Derived From: Natural News
Original Author: Amy Goodrich
Lower back pain can be crippling and seriously effect the quality of your day-to-day life. Eight out of ten Americans will face the condition at some point during their lives. While lower back pain is more common in adult women, everybody can suffer from it.
The majority of lower back pain sufferers rely on nonsteroidal anti-inflammatory drugs (NSAIDs) to find relief. These commonly used pain relievers, however, come with a host of side-effects. While they might be effective in temporarily relieving pain, they may raise the risk of heart failure by nearly 20 percent.
Luckily, there are many natural treatments available, and yoga stretches are one of best. Organic Authority recommends following four yoga poses to help relieve lower back pain and find ease in your daily movements.
The Box on the Wall pose is a variation of Downward Facing Dog which places less pressure on the hands and arms. This is an excellent pose to stretch your hamstrings and spine while improving lower back mobility and easing pain.
To get into the pose, place your hands shoulder-width apart at hip height. While pushing both hands firmly into the wall, walk your feet back until your heels are right under your sitting bones. Straighten your legs while pushing into the wall with both hands. Engage your quads and adjust your sitting bones to create a natural curve in your lower spine. If this is too hard for you, then keep a slight bend in your knees.
This is a relaxed pose to stretch your hamstrings. What do your hamstrings have to do with lower back pain you might ask? Tight or shortened hamstrings pull on the lower back, creating tension and pain. While the pose is called hand-to-big-toe, if you are not that flexible, a yoga belt or other strap will be necessary to execute this pose.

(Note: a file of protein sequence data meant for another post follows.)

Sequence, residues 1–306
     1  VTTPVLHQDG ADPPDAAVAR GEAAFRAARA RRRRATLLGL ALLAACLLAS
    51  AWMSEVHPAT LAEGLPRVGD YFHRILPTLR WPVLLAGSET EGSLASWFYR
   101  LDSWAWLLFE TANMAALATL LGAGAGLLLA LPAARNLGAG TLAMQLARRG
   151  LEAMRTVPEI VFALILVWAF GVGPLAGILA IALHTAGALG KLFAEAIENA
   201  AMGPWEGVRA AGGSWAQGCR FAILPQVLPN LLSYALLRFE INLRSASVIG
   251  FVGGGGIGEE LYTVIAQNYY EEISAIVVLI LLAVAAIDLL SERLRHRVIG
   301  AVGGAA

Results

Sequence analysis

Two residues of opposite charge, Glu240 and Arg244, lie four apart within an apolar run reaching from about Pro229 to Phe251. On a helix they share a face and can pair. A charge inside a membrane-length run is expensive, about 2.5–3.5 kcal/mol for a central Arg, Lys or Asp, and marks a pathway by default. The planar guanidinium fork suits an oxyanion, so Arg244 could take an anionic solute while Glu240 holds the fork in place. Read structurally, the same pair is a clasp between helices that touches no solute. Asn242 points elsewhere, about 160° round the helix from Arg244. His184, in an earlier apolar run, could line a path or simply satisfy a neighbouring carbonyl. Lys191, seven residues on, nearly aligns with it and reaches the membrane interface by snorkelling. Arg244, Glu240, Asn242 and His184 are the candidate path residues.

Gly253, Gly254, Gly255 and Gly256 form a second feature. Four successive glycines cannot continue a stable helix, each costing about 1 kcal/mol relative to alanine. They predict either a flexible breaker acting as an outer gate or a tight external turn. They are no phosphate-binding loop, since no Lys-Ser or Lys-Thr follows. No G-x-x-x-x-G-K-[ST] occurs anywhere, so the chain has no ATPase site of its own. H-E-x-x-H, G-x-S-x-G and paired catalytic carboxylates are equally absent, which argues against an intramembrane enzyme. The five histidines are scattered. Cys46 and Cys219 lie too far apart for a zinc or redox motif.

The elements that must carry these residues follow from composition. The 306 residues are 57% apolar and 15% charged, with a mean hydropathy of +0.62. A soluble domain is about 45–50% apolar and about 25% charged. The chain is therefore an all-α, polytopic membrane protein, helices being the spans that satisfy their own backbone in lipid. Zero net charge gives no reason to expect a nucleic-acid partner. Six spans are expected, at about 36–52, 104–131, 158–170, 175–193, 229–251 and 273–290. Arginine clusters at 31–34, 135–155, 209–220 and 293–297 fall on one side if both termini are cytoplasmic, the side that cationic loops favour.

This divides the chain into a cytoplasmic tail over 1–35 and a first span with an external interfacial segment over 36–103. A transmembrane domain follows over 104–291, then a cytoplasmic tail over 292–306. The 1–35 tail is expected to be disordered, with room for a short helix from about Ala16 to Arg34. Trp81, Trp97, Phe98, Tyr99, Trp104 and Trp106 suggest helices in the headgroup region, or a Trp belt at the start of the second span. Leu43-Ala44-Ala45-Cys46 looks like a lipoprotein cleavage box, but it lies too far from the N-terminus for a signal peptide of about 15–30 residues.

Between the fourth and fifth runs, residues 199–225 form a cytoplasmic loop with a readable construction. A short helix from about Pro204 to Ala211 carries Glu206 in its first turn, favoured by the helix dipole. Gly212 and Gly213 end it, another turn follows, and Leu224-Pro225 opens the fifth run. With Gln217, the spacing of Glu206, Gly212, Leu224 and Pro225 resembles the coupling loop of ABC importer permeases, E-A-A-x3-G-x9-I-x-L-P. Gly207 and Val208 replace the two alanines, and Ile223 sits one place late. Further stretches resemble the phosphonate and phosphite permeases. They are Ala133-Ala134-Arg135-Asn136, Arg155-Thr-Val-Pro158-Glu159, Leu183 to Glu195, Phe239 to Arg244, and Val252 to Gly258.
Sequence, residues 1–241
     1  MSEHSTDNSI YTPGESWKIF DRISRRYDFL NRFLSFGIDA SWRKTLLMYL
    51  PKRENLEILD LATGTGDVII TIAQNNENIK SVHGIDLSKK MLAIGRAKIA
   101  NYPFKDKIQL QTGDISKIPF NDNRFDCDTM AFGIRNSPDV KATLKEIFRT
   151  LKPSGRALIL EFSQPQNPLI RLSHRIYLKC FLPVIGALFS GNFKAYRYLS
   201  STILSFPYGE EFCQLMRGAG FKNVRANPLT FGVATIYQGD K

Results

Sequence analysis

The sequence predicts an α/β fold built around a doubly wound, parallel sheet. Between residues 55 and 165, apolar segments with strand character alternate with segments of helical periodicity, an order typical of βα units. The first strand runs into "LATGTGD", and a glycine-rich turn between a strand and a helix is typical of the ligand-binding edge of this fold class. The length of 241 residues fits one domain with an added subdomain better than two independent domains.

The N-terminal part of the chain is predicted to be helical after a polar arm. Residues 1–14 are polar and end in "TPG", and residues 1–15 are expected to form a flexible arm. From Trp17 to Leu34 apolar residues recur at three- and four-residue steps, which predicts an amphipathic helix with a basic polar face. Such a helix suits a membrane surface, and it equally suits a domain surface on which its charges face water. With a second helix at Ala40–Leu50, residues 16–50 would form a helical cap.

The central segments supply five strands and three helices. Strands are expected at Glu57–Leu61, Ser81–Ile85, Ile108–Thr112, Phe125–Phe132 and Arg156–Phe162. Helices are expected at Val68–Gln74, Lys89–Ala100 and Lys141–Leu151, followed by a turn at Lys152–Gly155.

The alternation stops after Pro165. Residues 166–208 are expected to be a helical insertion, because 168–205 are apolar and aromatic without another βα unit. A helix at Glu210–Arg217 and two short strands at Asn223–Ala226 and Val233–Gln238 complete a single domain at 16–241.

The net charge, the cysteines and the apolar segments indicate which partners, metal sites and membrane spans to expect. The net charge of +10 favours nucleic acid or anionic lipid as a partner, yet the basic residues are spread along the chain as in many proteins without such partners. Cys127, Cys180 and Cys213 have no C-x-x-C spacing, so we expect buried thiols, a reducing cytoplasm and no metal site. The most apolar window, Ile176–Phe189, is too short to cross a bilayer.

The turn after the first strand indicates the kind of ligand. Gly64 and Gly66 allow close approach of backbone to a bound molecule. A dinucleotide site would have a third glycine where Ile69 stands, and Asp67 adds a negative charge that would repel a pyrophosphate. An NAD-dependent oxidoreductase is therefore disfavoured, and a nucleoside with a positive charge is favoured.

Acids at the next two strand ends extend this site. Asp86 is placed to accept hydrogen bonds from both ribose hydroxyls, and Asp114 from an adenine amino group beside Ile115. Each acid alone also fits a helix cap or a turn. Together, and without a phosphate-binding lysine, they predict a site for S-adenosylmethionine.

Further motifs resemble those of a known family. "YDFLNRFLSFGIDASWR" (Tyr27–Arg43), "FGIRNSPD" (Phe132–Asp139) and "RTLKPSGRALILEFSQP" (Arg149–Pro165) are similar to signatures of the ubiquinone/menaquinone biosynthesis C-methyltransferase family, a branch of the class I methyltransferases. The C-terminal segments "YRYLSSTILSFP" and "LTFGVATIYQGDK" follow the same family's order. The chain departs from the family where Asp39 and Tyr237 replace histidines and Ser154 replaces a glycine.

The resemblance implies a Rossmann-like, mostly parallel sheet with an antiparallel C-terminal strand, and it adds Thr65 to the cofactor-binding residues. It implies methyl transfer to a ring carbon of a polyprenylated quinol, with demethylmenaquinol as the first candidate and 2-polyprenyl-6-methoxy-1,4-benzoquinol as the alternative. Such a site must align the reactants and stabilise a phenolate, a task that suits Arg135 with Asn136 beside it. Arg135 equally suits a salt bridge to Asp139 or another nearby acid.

Lie on your back with your legs flat on the ground, big toes pointing to the ceiling. Place a yoga belt around the bottom of one foot (or grab your big toe) and extend that leg, trying to get it at an angle of 90°. Engage both of your quadriceps and keep both feet flexed. If you can keep your leg straight and engaged, then gently pull it towards your chest. Do not overstretch. Repeat the exercise, bringing the other leg up.
This pose is good for the lower back since it stretches the hip flexors, quadriceps, and chest, which can all cause pain in the lower back.
For this pose, you will need a yoga block. Lie on your back and bend your knees. Set both feet on the ground, hip-width apart, with your heels as close as possible to the sitting bones. Press your feet into the floor and lift your tailbone upward. Carefully place a yoga block under your sacrum, which is right at the base of your spine. If you want to intensify the stretch in your chest and shoulders, interlace your fingers behind the block and extend your arms to the floor. Keep your feet in line with your knees.
If you are looking for a way to revive the whole spine, twists are what you need. This pose will be extremely beneficial after doing a backbend like the supported Bridge Pose. Furthermore, twists create more space between the vertebrae. This will help you to take pressure off the lower back and increase mobility in the entire spine.
Sit on the floor, use a blanket for support if necessary. Extend your left leg while bending your right knee and placing your right foot over the extended leg. Your right knee should be pointing towards the ceiling. Place your right hand behind your body while crossing your left arm over your right knee. Twist toward the right side. On every exhale, lift your chest and go a little bit deeper into the twist. Repeat on the other side.